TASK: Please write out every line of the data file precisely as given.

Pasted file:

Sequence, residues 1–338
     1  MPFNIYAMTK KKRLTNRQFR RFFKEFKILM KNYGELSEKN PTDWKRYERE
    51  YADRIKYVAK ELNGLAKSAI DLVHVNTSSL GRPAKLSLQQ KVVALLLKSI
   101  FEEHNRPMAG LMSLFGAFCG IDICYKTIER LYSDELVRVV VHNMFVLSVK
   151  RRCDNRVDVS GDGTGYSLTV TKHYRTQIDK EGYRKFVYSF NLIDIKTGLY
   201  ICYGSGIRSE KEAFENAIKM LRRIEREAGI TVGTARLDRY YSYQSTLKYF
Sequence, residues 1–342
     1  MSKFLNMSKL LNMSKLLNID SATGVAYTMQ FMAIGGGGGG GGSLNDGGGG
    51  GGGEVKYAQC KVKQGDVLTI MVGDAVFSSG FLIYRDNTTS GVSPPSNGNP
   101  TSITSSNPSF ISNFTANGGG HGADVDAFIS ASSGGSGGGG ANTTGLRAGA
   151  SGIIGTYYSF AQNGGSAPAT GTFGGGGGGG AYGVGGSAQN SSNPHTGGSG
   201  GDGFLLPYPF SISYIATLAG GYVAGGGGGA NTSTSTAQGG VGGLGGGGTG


Sequence, residues 1–338
     1  MPFNIYAMTK KKRLTNRQFR RFFKEFKILM KNYGELSEKN PTDWKRYERE
    51  YADRIKYVAK ELNGLAKSAI DLVHVNTSSL GRPAKLSLQQ KVVALLLKSI
   101  FEEHNRPMAG LMSLFGAFCG IDICYKTIER LYSDELVRVV VHNMFVLSVK
   151  RRCDNRVDVS GDGTGYSLTV TKHYRTQIDK EGYRKFVYSF NLIDIKTGLY
   201  ICYGSGIRSE KEAFENAIKM LRRIEREAGI TVGTARLDRY YSYQSTLKYF
Sequence, residues 1–342
     1  MSKFLNMSKL LNMSKLLNID SATGVAYTMQ FMAIGGGGGG GGSLNDGGGG
    51  GGGEVKYAQC KVKQGDVLTI MVGDAVFSSG FLIYRDNTTS GVSPPSNGNP
   101  TSITSSNPSF ISNFTANGGG HGADVDAFIS ASSGGSGGGG ANTTGLRAGA
   151  SGIIGTYYSF AQNGGSAPAT GTFGGGGGGG AYGVGGSAQN SSNPHTGGSG
   201  GDGFLLPYPF SISYIATLAG GYVAGGGGGA NTSTSTAQGG VGGLGGGGTG